More than 450 patients died after being given powerful painkillers inappropriately at Gosport War Memorial Hospital, a report has found.
An independent panel said, taking into account missing records, a further 200 patients may have suffered a similar fate.
The report found there was a “disregard for human life” of a large number of patients from 1989 to 2000.
It said Dr Jane Barton oversaw the practice of prescribing on the wards.
Health Secretary Jeremy Hunt told MPs police and the Crown Prosecution Service (CPS) would examine material in the report to consider their next steps and “whether criminal charges should now be brought”.
Bridget Reeves – whose grandmother Elsie Divine, 88, died at the hospital in 1999 – said: “These horrifying, shameful, unforgivable actions need to be disclosed in a criminal court for a jury to decide and only then can we put our loved ones to rest.”
So far, the only person to face disciplinary action has been Dr Barton, who was found guilty of failings in her care of 12 patients at Gosport between 1996 and 1999.
But no prosecutions were brought and she was not struck off the medical register, choosing to retire after the findings.
Former Bishop of Liverpool James Jones, who led the Gosport Independent Panel, said: “The documents seen by the panel show that for a 12-year period a clinical assistant, Dr Barton, was responsible for the practice of prescribing which prevailed on the wards.
“Although the consultants were not involved directly in treating patients on the wards, the medical records show that they were aware of how drugs were prescribed and administered but did not intervene to stop the practice.”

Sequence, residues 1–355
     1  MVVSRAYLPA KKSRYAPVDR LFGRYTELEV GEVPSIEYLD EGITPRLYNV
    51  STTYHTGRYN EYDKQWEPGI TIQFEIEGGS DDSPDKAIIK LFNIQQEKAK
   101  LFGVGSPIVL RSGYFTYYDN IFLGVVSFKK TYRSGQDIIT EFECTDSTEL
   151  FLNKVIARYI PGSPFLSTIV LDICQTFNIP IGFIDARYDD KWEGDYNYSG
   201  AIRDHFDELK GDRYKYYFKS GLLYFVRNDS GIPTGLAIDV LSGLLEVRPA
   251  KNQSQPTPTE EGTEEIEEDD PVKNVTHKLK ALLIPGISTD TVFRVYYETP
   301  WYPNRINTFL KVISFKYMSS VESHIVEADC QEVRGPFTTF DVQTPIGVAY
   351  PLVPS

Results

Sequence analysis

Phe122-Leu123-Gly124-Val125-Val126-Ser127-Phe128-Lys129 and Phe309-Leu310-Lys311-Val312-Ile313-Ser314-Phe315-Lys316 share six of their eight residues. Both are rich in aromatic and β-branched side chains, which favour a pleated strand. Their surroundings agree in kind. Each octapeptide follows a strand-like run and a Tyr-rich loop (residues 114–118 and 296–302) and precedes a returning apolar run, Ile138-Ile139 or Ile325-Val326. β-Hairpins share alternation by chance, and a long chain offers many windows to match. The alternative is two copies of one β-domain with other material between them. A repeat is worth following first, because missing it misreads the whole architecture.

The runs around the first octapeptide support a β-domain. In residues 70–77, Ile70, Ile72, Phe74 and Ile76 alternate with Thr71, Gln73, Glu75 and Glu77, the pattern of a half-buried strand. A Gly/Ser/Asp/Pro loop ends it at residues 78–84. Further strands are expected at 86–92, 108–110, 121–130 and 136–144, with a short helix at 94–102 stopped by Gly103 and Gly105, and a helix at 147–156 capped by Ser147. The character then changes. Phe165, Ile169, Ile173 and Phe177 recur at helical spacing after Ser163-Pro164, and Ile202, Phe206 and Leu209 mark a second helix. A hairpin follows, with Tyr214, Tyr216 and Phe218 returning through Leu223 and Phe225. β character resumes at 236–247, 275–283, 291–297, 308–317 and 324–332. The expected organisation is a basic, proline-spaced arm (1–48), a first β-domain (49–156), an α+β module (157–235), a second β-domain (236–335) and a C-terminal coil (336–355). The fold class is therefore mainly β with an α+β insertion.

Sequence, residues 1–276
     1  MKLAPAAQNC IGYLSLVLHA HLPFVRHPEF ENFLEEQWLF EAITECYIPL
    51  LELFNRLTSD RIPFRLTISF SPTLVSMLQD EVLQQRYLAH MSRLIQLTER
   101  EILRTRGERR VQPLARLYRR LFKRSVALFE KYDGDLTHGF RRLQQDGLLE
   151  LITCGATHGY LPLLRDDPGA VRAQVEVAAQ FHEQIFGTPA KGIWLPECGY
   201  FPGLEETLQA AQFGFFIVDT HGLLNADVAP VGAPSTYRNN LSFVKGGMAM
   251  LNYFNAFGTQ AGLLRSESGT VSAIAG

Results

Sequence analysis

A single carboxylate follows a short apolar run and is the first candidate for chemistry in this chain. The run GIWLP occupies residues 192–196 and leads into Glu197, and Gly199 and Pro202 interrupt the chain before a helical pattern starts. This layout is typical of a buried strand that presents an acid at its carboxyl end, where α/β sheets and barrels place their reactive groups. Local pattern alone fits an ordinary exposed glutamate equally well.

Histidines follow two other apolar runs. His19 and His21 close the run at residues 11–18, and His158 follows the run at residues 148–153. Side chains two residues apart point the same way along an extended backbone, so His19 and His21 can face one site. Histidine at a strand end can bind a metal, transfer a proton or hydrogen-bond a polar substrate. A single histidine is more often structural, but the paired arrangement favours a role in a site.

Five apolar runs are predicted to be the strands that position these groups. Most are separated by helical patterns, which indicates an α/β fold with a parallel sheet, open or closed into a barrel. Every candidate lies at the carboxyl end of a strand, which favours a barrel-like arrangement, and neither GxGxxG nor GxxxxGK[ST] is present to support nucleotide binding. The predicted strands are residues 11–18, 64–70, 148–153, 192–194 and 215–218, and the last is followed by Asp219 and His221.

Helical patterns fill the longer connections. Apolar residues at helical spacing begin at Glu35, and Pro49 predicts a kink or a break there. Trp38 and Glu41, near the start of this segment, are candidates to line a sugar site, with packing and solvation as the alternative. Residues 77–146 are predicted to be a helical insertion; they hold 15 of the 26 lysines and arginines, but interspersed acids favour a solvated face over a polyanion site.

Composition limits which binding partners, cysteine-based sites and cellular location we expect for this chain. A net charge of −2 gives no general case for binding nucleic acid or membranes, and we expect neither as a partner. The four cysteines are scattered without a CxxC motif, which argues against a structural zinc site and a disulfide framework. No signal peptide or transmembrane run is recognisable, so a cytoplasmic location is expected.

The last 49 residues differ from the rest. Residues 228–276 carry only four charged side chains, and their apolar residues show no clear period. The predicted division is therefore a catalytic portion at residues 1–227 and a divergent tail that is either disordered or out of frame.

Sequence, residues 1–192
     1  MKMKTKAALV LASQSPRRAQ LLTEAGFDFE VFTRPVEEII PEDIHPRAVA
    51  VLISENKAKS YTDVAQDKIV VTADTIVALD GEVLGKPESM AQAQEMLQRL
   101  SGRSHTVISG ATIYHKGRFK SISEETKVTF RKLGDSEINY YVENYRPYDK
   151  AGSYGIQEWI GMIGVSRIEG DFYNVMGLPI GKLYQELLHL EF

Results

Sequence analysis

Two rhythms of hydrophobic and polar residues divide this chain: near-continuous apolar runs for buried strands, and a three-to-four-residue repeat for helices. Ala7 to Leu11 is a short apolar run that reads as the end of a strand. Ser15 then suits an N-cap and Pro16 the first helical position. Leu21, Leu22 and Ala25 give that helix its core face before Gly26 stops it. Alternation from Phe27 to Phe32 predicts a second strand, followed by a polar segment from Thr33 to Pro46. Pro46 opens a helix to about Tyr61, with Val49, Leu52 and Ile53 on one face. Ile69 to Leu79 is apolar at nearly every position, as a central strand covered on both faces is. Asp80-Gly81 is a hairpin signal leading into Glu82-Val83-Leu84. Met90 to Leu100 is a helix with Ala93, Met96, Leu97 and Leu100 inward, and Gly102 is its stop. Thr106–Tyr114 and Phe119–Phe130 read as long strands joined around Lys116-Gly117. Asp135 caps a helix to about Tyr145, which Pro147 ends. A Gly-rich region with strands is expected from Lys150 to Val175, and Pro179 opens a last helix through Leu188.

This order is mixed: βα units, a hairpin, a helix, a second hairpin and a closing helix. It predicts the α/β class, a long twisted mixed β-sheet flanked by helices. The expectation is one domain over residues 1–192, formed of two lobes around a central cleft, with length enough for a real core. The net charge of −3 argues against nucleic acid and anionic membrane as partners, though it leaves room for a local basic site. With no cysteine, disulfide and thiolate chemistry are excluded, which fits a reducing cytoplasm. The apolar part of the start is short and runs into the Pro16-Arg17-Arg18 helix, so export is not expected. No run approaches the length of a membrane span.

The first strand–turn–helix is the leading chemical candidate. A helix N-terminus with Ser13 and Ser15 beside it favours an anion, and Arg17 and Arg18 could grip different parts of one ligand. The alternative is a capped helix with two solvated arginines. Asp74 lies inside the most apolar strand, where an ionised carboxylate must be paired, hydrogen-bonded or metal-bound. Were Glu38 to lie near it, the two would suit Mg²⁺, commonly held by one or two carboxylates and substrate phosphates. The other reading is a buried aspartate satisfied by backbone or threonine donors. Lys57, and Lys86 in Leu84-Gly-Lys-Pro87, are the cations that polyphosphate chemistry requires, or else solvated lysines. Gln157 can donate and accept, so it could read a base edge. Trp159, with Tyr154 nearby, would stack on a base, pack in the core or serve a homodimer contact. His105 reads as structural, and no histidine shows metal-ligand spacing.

The panel found officers had a mindset of seeing family members who complained as “stirring up trouble” while seeing the hospital as the place to go for guidance and assurance during their inquiries.
The report added: “There was an institutionalised regime of prescribing and administering ‘dangerous doses’ of a hazardous combination of medication not clinically indicated or justified, with patients and relatives powerless in their relationship with professional staff.”
Ken Woolley’s father John died at Gosport in 1996 aged 68 after being admitted for a broken hip.
“As soon as we saw him the next day he was unable to communicate due to the drugs they’d given him,” he said.
“There was another 11 days where he still couldn’t communicate before he died.
“Something has to come of this – they have to get to the bottom of it.”
As well as hundreds of death certificates, the panel analysed documents from the police, coroners, the NHS and other organisations.
The panel included geriatric medicine specialist Dr Colin Currie, investigative journalist David Hencke, former Scotland Yard Commander Duncan Jarrett and pathology and medical records expert Dr Bill Kirkup.